Award Winning Harvard Business Review article “The Leader as Coach” now also published in the German „Harvard Business Manager“

Authored by Meyler Campbell cofounder and associate scholar at the University of Oxford’s Saïd Business School, Anne Scoular, and Herminia Ibarra, Professor of Organizational Behavior at London Business School, the article was awarded with the Warren Bennis prize, recognizing the best leadership article each year in Harvard Business Review.

“The Leader as a Coach”, a game-changing article, originally published in November 2019, explores how in today’s new reality, companies need to move away from the traditional command-and-control to a different model. Manager should be able to offer support and guidance, helping employees adapt to the constantly changing work environment to “unleash fresh energy, innovation and commitment”. When leaders know how to coach, they are able to ask better questions create non-judgmental and safe environments of support, facilitating better development opportunities.

The Human Impact Group, founded by Meyler Campbell alumni believe in the power of great coaching. The innovative model of development for leaders and teams, also offers customized programs, for leaders to learn how to coach. „We not only support leaders and their organizations in becoming more self-aware but also equip them with the skills to transform team performance. “says Barbara Kearney, co-founder and Managing Partner of The Human Impact Group.

“The current crisis has shown, that transformational leadership is needed now more than ever.”, said Anne Scoular, co-author of the article and co-founder of Meyler Campbell Ltd., “The Human Impact Group has the right skills to help organizations unleash the leadership needed to move forward and unlock positive change.”

You can read the article in German “Führen Wie ein Coach ” or in Englisch “Leader as Coach” even if you do not have a subscription you can register and still read it for free.

For more info, please contact barbara.kearney@thehumanimpact.group

Leading in crisis: with character, despite fear

“Fear is useful, cowardice is not.”
Mahatma Gandhi“Knowing what is right and not doing it is the greatest cowardice.”
ConfuciusHundreds of thousands have died. The global economy is facing an unprecedented slump. Countries are going into debt at an unkown extent. And we still don’t know what to expect in and after the corona pandemic. This uncertainty creates fear. Leaders in politics, business and society face challenges of a new dimension and must face up to their responsibilities despite fear. This requires strength of character.

Positive psychology has identified 24 strengths of character, which it bundles into the virtues of wisdom, humanity, justice, moderation, transcendence, and courage. Courage is the decisive virtue when dealing with crises. But what is courage, how does it arise and how can we use it sensibly in times of crises?

Courage is taking determined action despite fear 

Courage is the ability to overcome fear in dangerous situations. Courage, like perseverance, honesty, and enthusiasm, is an emotional strength that helps us to achieve goals against external or internal resistance by excercising our own will. Mark Twain defined courage as “resistance to fear, control of fear, not absence of fear.”

But how do we find the right measure to use courage? To this day, the Aristotelian “Doctrine of the Mean” is the ethical guideline. Aristotle sees the correct practice of a virtue between its excess and its lack.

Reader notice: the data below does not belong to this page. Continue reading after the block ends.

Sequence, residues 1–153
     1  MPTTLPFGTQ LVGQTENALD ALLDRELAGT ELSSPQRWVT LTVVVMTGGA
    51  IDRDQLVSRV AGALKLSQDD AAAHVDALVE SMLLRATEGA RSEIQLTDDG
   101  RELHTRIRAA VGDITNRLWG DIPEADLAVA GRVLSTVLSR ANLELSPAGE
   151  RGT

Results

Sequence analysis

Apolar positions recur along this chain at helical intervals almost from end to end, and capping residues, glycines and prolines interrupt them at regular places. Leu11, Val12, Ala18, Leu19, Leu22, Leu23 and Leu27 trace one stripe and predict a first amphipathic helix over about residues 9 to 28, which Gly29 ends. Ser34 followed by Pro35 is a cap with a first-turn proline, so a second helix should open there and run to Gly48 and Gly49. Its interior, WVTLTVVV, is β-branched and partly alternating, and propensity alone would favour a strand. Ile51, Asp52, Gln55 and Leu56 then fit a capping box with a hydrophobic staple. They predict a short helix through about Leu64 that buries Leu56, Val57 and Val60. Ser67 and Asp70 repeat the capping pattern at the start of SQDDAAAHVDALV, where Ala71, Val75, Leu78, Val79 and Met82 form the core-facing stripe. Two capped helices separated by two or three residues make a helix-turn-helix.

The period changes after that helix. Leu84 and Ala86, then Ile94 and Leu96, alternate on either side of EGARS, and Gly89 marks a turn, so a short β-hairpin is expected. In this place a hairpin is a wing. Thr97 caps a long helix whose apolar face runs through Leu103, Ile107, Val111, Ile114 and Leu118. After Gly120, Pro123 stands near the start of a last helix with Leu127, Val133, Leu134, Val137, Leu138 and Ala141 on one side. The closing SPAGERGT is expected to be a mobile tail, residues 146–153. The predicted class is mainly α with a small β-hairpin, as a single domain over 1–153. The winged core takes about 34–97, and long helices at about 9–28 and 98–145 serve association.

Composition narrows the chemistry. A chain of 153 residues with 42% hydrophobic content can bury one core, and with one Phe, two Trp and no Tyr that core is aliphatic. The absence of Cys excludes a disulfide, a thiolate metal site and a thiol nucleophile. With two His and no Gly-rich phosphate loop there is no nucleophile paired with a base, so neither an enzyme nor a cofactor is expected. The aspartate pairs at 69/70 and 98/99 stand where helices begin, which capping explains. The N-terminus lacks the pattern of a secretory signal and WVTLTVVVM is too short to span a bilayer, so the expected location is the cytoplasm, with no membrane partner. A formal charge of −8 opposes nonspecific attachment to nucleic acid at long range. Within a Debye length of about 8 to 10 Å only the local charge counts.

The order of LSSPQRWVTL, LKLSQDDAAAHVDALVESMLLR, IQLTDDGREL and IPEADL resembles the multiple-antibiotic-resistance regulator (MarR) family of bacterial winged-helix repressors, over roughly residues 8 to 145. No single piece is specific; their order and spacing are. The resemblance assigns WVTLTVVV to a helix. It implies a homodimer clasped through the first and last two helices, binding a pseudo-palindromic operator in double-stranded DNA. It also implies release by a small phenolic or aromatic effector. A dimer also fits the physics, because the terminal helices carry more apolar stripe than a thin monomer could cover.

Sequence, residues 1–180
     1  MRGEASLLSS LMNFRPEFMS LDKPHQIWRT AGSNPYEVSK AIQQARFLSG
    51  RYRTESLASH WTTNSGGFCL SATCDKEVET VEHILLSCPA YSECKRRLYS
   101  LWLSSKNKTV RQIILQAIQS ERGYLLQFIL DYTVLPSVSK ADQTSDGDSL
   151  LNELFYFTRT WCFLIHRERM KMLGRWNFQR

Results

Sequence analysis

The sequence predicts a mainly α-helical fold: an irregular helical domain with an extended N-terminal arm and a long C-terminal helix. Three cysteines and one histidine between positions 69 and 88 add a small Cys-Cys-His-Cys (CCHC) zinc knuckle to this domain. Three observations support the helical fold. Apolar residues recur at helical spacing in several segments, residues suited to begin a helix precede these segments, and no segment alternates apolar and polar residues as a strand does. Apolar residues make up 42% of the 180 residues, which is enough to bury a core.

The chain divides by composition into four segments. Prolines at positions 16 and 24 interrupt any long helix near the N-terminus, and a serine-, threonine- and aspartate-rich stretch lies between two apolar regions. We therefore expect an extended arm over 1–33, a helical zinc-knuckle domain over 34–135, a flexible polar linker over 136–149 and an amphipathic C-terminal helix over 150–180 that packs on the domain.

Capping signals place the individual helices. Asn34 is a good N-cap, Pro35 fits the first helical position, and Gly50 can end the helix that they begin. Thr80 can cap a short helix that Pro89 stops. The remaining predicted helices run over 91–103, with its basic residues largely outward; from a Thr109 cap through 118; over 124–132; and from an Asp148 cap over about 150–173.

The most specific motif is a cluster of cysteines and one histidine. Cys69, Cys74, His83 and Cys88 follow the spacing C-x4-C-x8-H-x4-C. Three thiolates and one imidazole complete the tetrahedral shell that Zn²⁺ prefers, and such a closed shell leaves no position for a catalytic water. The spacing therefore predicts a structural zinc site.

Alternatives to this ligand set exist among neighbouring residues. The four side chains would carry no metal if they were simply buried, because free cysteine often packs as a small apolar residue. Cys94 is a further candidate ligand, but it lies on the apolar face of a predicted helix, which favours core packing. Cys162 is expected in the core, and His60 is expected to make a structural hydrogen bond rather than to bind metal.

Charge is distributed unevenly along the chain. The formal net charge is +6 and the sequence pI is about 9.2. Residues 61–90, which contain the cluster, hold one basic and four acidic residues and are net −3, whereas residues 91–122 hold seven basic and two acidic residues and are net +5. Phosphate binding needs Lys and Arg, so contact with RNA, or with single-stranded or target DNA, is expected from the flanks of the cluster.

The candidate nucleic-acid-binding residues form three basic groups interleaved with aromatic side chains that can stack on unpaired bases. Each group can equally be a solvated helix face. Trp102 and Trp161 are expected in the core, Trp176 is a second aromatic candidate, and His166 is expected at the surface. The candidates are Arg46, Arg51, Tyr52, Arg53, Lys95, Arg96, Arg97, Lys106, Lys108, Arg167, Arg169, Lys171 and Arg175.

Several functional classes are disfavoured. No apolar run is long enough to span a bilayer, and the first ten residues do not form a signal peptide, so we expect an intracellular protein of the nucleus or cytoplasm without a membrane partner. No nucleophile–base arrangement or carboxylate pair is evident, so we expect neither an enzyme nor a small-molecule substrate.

Courage is therefore not about daring or cowardice, but about bravery. Aristotle sees courage as the essential virtue since the practice of other virtues depends on it.  If managers succeed in overcoming their fears, this radiates on the people around them. Courage enables courage, gives orientation, and creates confidence. And this is the essential task of managers in crises.

Navigate the crisis with judgment, determination, and implementation power 

Carl von Clausewitz, military scientist and general of the Prussian army, considered judgment, determination in the “fog of uncertainty” and strategic adaptability to be essential characteristics of the successful general. The crisis-tested German Chancellor, Helmut Schmidt, following the same logic, required executives to have judgment, determination, and implementation.

In a crisis, framework conditions change abruptly, knowledge is incomplete or outdated, emotions cloud analytical clarity. Processing available information quickly, setting clear priorities and making decisive decisions is critical to success. Concentrate on the three to five most important topics. Share this clearly and repeatedly. Correct if necessary but stay on course. Think in scenarios. Establish clear responsibilities. Give your employees the greatest possible freedom to make decisions. Encourage activity and tolerate mistakes. Ensure regular coordination and the possibility of escalation.  Go with the dynamics of change. Use internal and external sources of information. Distinguish between important and urgent. Respond to changed framework conditions with changed measures. Share openly what you know and what you don’t know. Keep in touch with key players. Show presence and collect impressions on site.

You cannot influence essential factors. Take responsibility anyway, take up the challenge. Request this from your employees. Strengthen collaboration within and between your teams. Use three to five simple and effective indicators to measure and actively control your most important priorities. Report them up and down regularly.  Pay attention to the stability of your employees. The better you support them in overcoming their challenges, the more powerful and resilient your organization will be.